Food Links for a Monday

Almost 10 years ago, the oldest known cookbook written (in 1866) by a free black woman was unearthed at University of Michigan. The next oldest Black cookbook that historians know of wasn’t published for another fifteen years, in 1881. That historical rareness, it turns out, isn’t merely an artifact of earlier times. It’s the norm; very few cookbooks written by black authors have been published over the years. Making the past two months (Sept and Oct) “anomalous” in having six cookbooks released by black women in that time. This link is an interesting one that discusses such history in greater depth, and touches on current reality, including mentioning my perennial favorite, Angela Davis of Kitchenista Diaries.

“Ecosystems all around the world are warming up due to global climate change, says Pershing, but the Gulf of Maine is ahead of the curve. Over the past decade, it’s warmed faster than 99.9 percent of the global ocean.” And this is why “Maine Cod” is a rarity; all the attempts to plan and adjust fishing quotas were unable to take into account how much the water was warming. I wonder if bass will become a commercially viable fish in Maine.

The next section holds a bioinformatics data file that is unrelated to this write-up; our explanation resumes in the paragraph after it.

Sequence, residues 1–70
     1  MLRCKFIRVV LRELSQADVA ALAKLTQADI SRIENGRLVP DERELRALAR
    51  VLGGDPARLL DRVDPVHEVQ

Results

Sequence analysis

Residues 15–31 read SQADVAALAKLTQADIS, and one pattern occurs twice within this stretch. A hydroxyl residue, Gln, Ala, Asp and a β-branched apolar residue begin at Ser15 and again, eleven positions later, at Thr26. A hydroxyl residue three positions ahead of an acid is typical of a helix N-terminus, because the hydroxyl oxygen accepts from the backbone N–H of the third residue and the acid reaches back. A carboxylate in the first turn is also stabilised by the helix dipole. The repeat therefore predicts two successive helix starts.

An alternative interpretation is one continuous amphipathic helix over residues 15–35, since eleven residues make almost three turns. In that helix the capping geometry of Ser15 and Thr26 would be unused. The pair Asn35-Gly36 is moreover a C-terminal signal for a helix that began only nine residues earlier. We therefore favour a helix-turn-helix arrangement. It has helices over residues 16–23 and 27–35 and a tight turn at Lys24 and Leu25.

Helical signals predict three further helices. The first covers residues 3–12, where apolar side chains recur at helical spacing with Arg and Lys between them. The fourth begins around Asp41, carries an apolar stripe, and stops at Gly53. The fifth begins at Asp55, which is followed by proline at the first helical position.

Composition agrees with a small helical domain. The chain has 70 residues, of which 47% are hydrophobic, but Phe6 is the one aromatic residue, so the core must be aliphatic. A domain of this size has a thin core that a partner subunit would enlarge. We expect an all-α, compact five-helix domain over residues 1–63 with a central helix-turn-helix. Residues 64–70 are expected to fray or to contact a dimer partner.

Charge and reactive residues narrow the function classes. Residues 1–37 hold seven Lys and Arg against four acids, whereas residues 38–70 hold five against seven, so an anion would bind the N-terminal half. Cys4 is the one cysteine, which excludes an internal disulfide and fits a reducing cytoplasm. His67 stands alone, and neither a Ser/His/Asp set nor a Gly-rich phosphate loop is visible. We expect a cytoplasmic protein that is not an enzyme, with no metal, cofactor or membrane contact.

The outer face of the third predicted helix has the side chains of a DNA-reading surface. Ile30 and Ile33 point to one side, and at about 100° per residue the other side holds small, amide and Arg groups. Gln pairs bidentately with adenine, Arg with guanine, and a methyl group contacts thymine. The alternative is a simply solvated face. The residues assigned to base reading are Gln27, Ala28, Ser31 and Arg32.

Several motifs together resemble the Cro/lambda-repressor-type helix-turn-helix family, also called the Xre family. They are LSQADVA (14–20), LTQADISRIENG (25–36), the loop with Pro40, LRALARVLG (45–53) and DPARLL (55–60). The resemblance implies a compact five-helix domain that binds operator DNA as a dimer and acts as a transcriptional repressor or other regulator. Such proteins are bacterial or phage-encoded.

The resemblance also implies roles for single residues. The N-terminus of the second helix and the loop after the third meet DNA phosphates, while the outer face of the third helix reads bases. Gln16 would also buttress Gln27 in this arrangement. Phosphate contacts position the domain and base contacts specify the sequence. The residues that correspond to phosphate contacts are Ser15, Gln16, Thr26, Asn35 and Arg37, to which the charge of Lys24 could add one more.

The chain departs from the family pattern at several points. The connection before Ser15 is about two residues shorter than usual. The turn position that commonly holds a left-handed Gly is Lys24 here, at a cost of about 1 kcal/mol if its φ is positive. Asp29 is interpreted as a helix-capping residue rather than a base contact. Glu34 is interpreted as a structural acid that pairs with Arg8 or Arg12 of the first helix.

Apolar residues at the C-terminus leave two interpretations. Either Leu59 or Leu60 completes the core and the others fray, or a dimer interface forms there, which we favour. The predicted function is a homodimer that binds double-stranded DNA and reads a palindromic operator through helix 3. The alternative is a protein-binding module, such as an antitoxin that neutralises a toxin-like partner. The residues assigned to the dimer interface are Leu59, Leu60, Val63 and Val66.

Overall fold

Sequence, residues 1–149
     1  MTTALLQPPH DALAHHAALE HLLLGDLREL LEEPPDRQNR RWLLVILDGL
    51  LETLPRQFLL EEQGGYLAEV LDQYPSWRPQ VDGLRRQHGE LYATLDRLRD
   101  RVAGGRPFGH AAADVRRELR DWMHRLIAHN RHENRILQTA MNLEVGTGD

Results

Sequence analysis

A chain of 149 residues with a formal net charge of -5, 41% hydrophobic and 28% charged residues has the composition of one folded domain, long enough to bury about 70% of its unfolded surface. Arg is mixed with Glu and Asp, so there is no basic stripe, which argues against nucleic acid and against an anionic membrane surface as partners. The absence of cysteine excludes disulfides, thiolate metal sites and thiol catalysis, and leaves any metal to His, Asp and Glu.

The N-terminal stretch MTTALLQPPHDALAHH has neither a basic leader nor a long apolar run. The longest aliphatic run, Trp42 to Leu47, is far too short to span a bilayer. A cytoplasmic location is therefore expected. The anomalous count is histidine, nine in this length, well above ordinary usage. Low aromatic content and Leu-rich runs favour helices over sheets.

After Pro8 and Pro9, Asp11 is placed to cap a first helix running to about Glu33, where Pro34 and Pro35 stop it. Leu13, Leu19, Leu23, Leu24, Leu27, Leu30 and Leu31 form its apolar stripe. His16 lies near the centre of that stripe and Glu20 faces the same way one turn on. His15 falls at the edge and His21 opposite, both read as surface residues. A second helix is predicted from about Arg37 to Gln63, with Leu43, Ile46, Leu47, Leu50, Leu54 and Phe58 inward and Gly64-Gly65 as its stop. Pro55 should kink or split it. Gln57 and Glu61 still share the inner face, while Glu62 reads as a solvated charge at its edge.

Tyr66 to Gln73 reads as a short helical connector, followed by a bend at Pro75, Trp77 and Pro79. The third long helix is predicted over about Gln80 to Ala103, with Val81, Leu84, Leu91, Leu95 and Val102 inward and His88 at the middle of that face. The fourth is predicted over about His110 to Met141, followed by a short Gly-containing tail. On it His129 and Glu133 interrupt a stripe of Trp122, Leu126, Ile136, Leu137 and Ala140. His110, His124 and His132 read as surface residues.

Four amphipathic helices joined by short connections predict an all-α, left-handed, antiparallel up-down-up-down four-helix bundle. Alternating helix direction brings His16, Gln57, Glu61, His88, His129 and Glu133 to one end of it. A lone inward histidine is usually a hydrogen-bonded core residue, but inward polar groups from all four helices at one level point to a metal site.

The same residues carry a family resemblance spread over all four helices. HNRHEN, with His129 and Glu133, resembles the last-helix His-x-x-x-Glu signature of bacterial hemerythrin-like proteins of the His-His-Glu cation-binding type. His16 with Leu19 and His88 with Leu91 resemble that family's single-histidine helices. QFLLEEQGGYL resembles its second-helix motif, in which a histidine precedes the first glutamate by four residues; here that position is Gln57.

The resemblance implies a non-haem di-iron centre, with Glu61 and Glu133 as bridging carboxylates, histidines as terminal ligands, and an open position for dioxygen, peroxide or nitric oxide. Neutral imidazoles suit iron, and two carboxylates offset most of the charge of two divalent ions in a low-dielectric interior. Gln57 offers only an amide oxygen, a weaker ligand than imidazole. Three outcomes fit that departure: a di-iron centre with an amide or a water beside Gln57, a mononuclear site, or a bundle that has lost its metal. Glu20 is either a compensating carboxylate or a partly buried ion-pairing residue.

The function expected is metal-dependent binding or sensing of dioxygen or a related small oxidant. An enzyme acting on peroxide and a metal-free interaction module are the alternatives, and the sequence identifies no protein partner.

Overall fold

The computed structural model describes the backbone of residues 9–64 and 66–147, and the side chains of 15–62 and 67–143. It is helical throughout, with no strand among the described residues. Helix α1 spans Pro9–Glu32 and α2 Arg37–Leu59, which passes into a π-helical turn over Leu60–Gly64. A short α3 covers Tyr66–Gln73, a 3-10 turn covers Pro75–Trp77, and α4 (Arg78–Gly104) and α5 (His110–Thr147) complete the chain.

Your spouse’s on the way home, loves spicy food, and needs some soup? May I suggest this delightful-looking Caldo Tlalpeño? It looks fairly simple and oh-so-tasty and it’s definitely on my “winter’s here to-cook” list this year. (Though I’m leaving out the cilantro garnish. I don’t care if there’s a possible cilantro “desensitization” regime. No.)

Bill and I were recently discussing what made honey “raw.” We understand the context of “not cooked;” but was there a specific temperature you could heat honey to and still be able to call it raw? He went looking, and while we never really did find out the answer, he found a fascinating bee-keeping forum with a great link on how small places filter their honey, which lead to wondering what’s the best way to do it. Turns out? We don’t really know! But if you keep bees and filter your honey, maybe you can help folks figure that out!

Finally, this post about apple sandwiches still speaks to me. I am still constantly evaluating and re-evaluating my stance on food and food access and food politics, and what I think of this. And I am still looking for that book involving lettuce sandwiches.